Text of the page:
It is another object of the present invention to provide methods, systems and apparatus for automatically verifying that secured articles within a moving vehicle are actually properly secured.

A further object of the invention is to provide methods, systems and apparatus that avoid the need for manually inspecting whether or not articles within a vehicle in need of securing are actually secured.

Another object of the invention is to provide methods, systems and apparatus that avoid the use of electrically wired detection systems for ensuring that articles within a vehicle are in a secured position.

It is yet another object of the present invention to provide methods, systems and apparatus for easily and affordably detecting and verifying the secured status of articles within a moving vehicle for ensuring passenger safety.

Still other objects and advantages of the invention will in part be obvious and will in part be apparent from the specification.

The above and other objects, which will be apparent to those skilled in the art, are achieved in the present invention, which in a first aspect, is directed to a method for automatically ensuring passenger safety. The method includes identifying at least one article in need of securing in a vehicle and attaching at least one wireless signaling device to the article. This wireless signaling device is capable of emitting a wireless signal that indicates a state of the article. A mechanical blocking device is also provided for controlling the wireless signal of the wireless signaling device. State information for the article is then generated, whereby this state information is received at a data network device to generate a state result. The state result indicates the state (i.e., whether it is secured, unsecured, or improperly secured) of the article. This state results are output to an end user for automatically ensuring passenger safety.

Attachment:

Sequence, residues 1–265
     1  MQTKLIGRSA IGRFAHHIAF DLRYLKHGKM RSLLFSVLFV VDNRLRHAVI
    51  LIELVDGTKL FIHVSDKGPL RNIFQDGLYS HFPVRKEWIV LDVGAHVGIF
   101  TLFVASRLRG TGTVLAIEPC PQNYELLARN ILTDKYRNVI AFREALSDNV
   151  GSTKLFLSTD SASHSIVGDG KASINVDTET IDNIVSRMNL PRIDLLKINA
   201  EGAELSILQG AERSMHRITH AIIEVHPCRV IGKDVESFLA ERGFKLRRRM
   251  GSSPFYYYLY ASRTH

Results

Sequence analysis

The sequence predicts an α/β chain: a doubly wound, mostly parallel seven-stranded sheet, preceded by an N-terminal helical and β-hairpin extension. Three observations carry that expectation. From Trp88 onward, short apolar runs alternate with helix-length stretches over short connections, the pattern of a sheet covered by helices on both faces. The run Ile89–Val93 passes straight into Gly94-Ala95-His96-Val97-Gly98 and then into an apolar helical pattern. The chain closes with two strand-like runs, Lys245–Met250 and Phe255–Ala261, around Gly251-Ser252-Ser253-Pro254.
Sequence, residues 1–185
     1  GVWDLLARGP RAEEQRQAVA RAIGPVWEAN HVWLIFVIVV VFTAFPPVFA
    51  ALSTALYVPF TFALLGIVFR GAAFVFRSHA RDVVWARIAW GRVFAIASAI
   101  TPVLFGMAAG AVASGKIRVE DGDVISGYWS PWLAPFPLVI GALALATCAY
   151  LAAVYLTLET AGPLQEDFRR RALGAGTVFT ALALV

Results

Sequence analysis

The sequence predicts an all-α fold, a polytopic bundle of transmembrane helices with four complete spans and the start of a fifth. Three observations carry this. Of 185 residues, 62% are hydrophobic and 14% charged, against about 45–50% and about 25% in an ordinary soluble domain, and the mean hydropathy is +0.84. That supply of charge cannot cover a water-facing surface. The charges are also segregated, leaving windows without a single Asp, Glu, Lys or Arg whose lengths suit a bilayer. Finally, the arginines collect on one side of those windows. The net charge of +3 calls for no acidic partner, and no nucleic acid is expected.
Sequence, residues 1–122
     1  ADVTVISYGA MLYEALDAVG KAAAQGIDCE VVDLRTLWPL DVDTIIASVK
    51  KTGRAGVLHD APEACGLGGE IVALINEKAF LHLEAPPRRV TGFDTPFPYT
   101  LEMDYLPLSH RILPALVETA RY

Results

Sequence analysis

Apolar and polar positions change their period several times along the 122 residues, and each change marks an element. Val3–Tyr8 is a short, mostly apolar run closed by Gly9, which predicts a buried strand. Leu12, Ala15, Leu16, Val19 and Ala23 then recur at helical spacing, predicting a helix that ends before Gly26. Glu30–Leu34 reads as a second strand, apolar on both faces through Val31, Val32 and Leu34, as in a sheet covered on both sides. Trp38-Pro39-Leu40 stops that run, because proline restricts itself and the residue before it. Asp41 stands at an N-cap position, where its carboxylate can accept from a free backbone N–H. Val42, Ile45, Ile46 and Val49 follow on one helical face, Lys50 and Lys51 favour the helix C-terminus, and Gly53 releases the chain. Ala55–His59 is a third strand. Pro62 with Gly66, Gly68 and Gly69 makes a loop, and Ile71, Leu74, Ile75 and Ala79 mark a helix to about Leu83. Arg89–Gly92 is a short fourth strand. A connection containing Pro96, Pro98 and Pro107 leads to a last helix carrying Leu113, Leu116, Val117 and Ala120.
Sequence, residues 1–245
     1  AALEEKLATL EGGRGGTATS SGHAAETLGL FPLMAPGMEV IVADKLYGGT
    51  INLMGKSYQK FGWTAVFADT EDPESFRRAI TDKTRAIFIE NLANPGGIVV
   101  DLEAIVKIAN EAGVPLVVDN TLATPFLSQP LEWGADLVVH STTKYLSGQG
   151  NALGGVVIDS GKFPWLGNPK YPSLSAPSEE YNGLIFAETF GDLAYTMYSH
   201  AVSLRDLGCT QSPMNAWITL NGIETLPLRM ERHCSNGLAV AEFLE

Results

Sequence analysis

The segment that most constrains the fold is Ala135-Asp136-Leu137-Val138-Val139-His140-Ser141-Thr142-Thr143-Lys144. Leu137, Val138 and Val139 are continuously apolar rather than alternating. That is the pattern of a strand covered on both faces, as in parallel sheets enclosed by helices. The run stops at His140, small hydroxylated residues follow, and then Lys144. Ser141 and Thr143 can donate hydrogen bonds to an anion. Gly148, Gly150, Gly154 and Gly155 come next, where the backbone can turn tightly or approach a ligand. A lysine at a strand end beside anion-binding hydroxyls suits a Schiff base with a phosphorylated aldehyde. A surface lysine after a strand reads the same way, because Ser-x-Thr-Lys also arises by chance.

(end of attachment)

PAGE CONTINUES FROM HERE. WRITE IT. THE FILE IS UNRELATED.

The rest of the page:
The wireless signal may be emitted from the wireless signaling device and received by a receiving device, such as, one or more distributed antenna. The receiving device then transmits the emitted wireless signal to the data network device for determining whether the article is in a secured or unsecured state. Further, the state results may be verified using a signal-reducing device, such as, a conductive component. This signal-reducing device is capable of absorbing a portion of the wireless signal emitted from the wireless signaling device to generate a reduced strength wireless signal, which indicates that the article is an improperly secured state. When no signal is received at the data network device for a particular article, the state results indicate that such article is in an unsecured state.